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Saturday, 20 July 2024 – 08:15
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High Court rules government fast-lane for PPE contracts was unlawful

The High Court has ruled that the “VIP fast-lane” for awarding PPE contracts to “politically connected” suppliers to be unlawful.

The legal challenge was brought to the High Court by the Good Law Project and EveryDoctor and sought to the legality of the behind closed door “VIP lane”, which saw the allocation of billions of pounds of public money.

The high priority lane was introduced in April of 2020, midway through the first wave of covid, to help the government choose between suppliers. It allowed contract offers to be dealt with more quickly, if the supplier came with a recommendation from government officials or members of parliament.

The Judge said of the VIP lane:

“Offers that were introduced through the Senior Referrers received earlier consideration at the outset of the process. The High Priority Lane Team was better resourced and able to respond to such offers on the same day that they arrived.”

“The Claimants have established that operation of the High Priority Lane was in breach of the obligation of equal treatment… the illegality is marked by this judgment.”

However, the judge also found that Pestfix and Ayanda, which were both awarded PPE contracts through the VIP lane, would likely have been awarded the contracts anyway. Saying:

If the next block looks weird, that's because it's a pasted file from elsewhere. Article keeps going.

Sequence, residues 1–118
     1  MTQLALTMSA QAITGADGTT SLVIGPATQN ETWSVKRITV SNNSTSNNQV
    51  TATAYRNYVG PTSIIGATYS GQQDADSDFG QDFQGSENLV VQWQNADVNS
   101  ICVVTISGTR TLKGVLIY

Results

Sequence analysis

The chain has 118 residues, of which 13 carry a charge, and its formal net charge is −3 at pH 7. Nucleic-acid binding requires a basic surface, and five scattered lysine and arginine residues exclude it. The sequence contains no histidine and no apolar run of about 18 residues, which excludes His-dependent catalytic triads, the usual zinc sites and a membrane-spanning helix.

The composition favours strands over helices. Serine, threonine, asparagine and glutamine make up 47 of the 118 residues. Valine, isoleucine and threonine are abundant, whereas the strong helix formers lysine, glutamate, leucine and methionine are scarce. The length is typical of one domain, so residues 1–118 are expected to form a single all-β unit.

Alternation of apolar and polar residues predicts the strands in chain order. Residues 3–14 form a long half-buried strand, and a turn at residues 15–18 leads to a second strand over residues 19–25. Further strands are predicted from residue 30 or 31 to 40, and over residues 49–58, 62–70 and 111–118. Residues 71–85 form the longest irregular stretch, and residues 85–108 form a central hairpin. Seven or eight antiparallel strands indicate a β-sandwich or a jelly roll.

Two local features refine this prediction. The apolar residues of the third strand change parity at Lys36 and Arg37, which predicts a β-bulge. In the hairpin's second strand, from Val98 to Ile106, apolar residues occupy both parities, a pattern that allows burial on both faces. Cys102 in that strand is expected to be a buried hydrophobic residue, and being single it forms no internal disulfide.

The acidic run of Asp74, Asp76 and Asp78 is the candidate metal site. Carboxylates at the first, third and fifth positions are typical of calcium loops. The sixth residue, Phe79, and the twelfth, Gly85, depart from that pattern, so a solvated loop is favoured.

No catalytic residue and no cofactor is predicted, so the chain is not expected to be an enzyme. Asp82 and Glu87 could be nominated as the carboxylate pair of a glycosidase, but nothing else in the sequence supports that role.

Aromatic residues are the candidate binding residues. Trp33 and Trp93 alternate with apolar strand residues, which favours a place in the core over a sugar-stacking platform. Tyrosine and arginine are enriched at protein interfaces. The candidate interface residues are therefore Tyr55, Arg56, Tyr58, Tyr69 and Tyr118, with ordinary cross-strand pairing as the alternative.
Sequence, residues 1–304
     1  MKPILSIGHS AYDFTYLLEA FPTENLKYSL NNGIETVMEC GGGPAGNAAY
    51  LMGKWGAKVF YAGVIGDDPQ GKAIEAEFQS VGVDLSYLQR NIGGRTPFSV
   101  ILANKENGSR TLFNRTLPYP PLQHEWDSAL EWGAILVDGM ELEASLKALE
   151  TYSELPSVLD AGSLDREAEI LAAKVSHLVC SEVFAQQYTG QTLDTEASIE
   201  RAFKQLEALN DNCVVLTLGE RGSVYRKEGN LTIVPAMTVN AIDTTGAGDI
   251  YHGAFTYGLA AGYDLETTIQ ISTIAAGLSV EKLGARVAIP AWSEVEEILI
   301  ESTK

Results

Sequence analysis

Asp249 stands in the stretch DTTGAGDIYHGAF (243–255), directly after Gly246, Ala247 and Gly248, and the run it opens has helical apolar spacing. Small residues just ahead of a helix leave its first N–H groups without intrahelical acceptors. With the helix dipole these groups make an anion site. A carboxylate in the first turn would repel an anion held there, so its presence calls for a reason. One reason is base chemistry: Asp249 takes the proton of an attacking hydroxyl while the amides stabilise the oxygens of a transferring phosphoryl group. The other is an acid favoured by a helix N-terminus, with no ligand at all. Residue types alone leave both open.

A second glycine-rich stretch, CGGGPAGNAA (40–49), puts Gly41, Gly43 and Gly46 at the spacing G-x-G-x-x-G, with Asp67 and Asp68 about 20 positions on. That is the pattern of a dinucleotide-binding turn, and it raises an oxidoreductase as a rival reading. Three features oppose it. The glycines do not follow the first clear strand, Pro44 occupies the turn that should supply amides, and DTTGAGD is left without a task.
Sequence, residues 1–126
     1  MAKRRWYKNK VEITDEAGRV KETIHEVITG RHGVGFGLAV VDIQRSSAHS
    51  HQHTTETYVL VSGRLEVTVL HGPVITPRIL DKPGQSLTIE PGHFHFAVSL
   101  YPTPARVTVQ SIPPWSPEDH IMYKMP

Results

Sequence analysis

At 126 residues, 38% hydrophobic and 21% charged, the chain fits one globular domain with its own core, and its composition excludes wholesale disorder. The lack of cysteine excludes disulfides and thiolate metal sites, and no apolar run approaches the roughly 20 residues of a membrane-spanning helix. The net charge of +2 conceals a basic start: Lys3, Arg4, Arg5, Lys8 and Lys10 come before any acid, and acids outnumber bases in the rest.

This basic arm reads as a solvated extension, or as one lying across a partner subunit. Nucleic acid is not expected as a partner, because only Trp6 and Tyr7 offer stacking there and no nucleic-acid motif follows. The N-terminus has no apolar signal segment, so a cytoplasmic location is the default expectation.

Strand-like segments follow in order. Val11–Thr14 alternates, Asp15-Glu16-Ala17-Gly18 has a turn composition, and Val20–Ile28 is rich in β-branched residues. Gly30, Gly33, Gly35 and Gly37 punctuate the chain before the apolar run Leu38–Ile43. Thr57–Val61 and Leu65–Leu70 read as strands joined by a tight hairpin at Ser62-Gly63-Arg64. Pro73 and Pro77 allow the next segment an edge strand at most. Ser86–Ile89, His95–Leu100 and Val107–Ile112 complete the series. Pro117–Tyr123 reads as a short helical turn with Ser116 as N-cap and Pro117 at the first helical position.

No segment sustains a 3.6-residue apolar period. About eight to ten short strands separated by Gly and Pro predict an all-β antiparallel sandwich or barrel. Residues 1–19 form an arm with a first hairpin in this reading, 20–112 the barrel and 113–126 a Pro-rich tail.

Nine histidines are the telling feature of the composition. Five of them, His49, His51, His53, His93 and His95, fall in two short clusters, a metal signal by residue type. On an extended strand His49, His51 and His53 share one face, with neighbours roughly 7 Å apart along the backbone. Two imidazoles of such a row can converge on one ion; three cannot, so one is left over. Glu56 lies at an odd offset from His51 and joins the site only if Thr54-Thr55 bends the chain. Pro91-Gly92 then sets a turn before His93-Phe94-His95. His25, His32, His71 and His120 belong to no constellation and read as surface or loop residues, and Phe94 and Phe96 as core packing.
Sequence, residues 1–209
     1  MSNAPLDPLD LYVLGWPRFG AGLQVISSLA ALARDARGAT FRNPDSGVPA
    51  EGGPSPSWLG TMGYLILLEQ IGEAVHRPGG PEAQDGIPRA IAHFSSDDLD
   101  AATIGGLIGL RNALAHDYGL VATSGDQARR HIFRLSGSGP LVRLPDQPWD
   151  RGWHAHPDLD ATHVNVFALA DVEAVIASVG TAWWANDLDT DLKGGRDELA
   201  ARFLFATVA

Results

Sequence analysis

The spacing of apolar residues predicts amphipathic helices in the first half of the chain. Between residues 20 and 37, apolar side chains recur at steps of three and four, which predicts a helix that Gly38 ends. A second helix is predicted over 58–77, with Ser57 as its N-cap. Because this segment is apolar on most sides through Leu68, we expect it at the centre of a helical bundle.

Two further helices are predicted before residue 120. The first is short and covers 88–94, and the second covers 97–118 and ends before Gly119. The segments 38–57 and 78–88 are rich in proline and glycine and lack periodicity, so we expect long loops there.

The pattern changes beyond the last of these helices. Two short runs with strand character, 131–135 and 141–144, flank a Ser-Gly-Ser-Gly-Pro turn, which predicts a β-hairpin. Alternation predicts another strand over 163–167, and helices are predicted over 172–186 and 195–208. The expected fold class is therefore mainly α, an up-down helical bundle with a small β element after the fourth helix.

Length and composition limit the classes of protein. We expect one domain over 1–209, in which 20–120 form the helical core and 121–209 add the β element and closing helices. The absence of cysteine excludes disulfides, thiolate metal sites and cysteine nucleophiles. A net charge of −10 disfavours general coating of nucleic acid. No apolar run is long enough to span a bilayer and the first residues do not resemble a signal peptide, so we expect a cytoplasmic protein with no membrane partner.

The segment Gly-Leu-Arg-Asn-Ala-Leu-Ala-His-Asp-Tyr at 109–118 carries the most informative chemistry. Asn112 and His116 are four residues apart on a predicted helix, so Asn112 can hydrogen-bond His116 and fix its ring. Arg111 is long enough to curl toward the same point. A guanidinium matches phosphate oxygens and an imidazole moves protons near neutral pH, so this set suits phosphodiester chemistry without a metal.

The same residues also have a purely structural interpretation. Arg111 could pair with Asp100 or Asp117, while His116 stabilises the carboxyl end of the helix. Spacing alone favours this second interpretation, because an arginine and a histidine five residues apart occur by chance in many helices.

“[The evidence] establishes that presence on the high priority lane did not confer any advantage at the decision-making stage of the process.”

A National Audit Office report found that one in ten suppliers recommended to the government through the high priority lane received a contract, while only one in one hundred suppliers received a contract that applied through the conventional method.

Responding to the Court’s ruling, the Good Law Project said:

“Never again should any Government treat a public health crisis as an opportunity to enrich its associates and donors at public expense.”

Angela Rayner, Deputy Leader of the Labour Party, echoed the same sentiments, calling for an investigation to “get to the bottom of how £3.5bn of taxpayers’ cash were handed out in crony contracts and ensure it can never happen again”.

The ruling does not mean that any criminal law was breached, and there will therefore not be any prosecutions. However, the decision comes at a bad time for the government, with Prime Minister Boris Johnson admitting to attending a gathering at Number 10 during the first lockdown, a potential breach of criminal law that is piling the pressure on his government.

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